MS is up to three times more common in females than it is in males. In general, women seem to be more likely to develop autoimmune diseases. The reason for this difference likely has to do with hormonal and chromosomal differences between the sexes. Although most of the symptoms of MS in women are similar to those in men, special concern is given to issues particular to women, including the following:
Research is still insufficient regarding the impact of MS on the endocrine system.
Some women with MS report that their disease symptoms are worse at certain points in their menstrual cycle, particularly in the week leading up to and the first few days into the cycle. Reasons for this worsening of symptoms are not yet completely understood, but fluctuations in the immune system and core body temperature across the menstrual cycle have been suggested as possible causes.
Some women with MS also report that menopause symptoms, such as hot flashes, exacerbate their MS symptoms. During menopause, the body stops producing estrogen in significant quantities.
Additional research is necessary to understand the specific ways in which MS might affect women’s bodies.
Women with MS may experience reduced or painful sensation in the vaginal/clitoral area, as well as vaginal dryness. Although no specific medications are available for these symptoms, vaginal dryness can be relieved with liberal use of water-based lubricants.
Problems with orgasm may be overcome by stimulating sensitivity — spending more time on foreplay and using a vibrator to overcome slow arousal and impaired sensation.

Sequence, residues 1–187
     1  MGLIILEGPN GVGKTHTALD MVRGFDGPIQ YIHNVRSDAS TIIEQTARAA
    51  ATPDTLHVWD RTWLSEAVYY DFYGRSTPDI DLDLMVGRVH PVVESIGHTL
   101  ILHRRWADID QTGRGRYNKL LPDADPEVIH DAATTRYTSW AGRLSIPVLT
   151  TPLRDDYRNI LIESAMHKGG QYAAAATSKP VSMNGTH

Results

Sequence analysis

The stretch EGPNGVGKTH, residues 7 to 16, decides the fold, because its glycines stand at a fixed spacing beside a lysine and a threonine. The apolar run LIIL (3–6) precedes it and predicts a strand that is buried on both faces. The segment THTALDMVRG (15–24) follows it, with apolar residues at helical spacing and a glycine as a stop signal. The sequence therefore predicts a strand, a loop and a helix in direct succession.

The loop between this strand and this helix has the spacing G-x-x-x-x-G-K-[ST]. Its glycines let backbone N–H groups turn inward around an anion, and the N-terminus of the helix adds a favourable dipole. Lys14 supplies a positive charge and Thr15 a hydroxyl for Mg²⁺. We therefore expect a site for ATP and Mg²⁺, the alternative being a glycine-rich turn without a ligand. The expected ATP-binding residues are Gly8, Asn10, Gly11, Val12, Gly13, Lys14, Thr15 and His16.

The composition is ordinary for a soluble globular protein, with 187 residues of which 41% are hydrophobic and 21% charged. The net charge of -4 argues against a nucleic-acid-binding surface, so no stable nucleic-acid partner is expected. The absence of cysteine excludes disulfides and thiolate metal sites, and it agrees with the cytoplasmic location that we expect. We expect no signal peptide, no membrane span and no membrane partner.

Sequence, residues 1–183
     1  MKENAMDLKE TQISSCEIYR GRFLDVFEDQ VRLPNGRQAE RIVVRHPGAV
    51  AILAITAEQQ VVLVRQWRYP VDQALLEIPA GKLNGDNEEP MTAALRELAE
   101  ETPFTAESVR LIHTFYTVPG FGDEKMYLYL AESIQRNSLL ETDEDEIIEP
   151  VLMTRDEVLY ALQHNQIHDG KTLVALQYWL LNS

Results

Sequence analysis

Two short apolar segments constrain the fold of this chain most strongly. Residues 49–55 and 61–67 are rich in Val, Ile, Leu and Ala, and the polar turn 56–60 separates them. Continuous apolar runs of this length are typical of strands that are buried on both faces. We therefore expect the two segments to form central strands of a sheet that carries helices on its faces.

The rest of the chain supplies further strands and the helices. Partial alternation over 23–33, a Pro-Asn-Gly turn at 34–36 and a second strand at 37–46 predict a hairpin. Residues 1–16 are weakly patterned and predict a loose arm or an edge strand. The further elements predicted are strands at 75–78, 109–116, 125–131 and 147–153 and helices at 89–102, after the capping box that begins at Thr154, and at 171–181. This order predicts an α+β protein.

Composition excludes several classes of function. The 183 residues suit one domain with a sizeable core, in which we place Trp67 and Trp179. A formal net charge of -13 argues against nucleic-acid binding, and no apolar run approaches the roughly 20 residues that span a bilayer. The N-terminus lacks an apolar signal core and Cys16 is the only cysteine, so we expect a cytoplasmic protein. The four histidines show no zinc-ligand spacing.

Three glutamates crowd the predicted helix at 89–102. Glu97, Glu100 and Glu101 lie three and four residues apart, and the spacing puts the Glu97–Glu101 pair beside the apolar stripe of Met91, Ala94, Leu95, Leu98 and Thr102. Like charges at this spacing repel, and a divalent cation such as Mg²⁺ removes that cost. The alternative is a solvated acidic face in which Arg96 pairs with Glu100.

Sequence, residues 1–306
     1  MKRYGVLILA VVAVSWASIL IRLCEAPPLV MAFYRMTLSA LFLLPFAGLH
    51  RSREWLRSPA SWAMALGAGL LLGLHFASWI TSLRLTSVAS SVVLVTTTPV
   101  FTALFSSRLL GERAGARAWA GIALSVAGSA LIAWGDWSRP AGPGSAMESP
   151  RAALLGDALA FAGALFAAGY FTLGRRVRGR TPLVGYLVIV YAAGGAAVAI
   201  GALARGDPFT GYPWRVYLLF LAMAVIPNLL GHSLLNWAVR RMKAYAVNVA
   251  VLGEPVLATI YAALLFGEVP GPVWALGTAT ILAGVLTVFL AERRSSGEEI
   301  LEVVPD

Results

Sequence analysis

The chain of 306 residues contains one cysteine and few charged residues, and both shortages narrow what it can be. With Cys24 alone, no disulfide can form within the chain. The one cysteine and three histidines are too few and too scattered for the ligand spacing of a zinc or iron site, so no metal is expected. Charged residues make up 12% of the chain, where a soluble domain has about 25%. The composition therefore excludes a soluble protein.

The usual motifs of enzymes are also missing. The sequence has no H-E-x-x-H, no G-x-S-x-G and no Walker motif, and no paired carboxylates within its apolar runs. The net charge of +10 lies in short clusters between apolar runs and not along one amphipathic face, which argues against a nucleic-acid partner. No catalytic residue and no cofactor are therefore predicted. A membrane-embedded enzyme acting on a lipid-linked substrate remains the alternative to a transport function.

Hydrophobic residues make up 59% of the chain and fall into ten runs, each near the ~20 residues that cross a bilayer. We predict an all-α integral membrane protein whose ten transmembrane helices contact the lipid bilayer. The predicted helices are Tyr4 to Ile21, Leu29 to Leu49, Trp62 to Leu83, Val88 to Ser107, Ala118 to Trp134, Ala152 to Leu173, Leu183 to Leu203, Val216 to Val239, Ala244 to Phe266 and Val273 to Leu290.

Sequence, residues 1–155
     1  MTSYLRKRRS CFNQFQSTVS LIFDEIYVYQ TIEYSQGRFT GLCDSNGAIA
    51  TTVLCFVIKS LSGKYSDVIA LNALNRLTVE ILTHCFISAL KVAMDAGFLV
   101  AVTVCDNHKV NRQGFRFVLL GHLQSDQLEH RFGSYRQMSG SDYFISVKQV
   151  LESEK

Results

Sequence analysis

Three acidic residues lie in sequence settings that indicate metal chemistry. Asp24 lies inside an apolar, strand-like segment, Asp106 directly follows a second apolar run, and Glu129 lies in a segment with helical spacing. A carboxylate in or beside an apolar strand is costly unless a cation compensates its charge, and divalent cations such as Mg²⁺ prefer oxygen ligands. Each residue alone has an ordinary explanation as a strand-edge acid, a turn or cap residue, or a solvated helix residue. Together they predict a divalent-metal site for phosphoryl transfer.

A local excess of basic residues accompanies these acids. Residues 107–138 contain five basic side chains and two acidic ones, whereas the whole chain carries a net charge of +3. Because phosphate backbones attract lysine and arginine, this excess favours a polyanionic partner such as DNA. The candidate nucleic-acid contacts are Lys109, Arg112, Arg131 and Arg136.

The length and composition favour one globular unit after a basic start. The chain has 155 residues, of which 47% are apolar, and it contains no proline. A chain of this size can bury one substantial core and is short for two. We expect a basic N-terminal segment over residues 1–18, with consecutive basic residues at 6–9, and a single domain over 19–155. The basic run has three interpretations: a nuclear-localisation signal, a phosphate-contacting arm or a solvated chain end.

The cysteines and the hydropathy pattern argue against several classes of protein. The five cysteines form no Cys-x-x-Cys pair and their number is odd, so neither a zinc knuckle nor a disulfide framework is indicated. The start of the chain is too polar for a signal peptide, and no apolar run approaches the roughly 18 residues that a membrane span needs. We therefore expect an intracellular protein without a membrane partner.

Being able to discuss sex-related issues with healthcare providers and others is important.
In general, MS does not affect a woman’s fertility. There seems to be no evidence to suggest that women with MS are at a higher risk of pregnancy complications, such as being diagnosed with gestational diabetes, requiring an emergency Cesarean section (C-section), or having a preterm or stillbirth delivery.
As MS is unique to each individual, women who plan to become pregnant should discuss with their healthcare team the potential risks and benefits of disease-modifying therapies (DMTs) to decide on the best treatment plan. Some studies have shown that certain DMTs may be safer than others to take while pregnant, trying to conceive, or breastfeeding, but more research is needed.
Some women with MS report that some of their symptoms — including fatigue, balance, back pain, and bladder and bowel problems — feel worse during pregnancy. Women with MS tend to have fewer relapses, or disease flare-ups, during pregnancy, although the risk of relapse increases in the first three to six months after delivery of the baby.
While women tend to be diagnosed with RRMS/SPMS in higher numbers than men, men are more likely to be diagnosed with PPMS, although the exact reasons remain unclear.